The swan goose
Writer: Isaac Cohen | Editor: Zhang Chanwen | From: Shenzhen Daily
A swan goose raised in captivity is seen in Bao’an District. Photos by Issac Cohen
The swan goose
The swan goose (Anser cygnoides) is a large goose with a natural breeding range in Inner Mongolia, northernmost China, and the Russian Far East. Still, it has been introduced to other regions as a domestic animal, including the rural areas of Shenzhen.
This fascinating bird belongs to the family of ducks and swans. With a large body and long neck, these birds in the wild are about 90 centimeters long and weigh about 3 kilograms or more.
Swan geese raised in captivity is seen in Bao’an District.
Its head and neck are brown on top and back and whitish on the lower parts. Its beak is black and very broad, with a prominent protuberance on the base; in some individuals, a white line separates the beak from the face. Their body is grayish-brown, with a white belly and under tail coverts. Their legs and feet are orange.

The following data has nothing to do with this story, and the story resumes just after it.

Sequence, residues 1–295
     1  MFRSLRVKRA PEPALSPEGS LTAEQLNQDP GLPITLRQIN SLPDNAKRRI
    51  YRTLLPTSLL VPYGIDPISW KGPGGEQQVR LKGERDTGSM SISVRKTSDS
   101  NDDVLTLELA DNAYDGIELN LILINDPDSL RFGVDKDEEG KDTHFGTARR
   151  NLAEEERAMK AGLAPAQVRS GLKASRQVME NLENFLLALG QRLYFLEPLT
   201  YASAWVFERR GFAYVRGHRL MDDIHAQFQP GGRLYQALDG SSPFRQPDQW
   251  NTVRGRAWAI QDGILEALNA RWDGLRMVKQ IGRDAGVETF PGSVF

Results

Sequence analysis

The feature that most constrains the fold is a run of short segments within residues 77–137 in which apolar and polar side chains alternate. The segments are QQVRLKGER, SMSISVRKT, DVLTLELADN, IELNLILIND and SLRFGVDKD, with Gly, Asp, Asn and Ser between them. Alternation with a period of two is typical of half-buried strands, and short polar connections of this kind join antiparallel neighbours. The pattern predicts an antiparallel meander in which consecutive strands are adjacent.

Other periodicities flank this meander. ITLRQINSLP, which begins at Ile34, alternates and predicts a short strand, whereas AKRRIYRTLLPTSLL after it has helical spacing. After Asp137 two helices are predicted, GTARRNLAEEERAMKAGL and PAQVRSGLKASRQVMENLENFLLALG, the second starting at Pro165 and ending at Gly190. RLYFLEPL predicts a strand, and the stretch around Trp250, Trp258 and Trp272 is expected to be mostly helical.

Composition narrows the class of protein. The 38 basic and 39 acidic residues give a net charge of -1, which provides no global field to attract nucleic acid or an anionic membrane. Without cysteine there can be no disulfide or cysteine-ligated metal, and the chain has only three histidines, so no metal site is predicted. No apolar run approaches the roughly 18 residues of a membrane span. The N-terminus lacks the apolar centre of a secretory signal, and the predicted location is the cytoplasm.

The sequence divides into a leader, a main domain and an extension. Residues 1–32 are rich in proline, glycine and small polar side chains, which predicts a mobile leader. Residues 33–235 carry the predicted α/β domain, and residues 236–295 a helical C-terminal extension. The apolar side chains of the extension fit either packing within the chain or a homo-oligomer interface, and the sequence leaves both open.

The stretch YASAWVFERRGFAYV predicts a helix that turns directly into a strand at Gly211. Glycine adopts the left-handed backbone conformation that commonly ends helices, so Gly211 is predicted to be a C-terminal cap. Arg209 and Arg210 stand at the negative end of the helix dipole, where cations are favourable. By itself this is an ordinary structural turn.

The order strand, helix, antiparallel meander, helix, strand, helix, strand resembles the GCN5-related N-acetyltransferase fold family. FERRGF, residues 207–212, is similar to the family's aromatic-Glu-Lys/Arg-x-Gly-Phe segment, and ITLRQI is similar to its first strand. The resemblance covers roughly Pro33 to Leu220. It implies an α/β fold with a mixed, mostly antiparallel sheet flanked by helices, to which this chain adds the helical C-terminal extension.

The swan goose is an herbivore, feeding on various plants, including grasses, sedges, and aquatic vegetation. However, it also feeds on insects and other small invertebrates during the breeding season.
Swan geese raised in captivity are seen in Bao’an District.
Their breeding season occurs in the spring, with females laying up to six eggs per clutch in a nest on the ground; both parents will take turns to incubate the eggs, which hatch after about a month. The baby swan geese will be ready to go on their own very soon after hatching.
The swan goose plays an essential role in its ecosystem as a seed disperser, helping to spread the seeds of the plants it feeds on. As a prey species, it provides food for larger predators such as foxes and eagles. The swan goose is also an important game bird and is raised for food in some areas, as is the case in our city.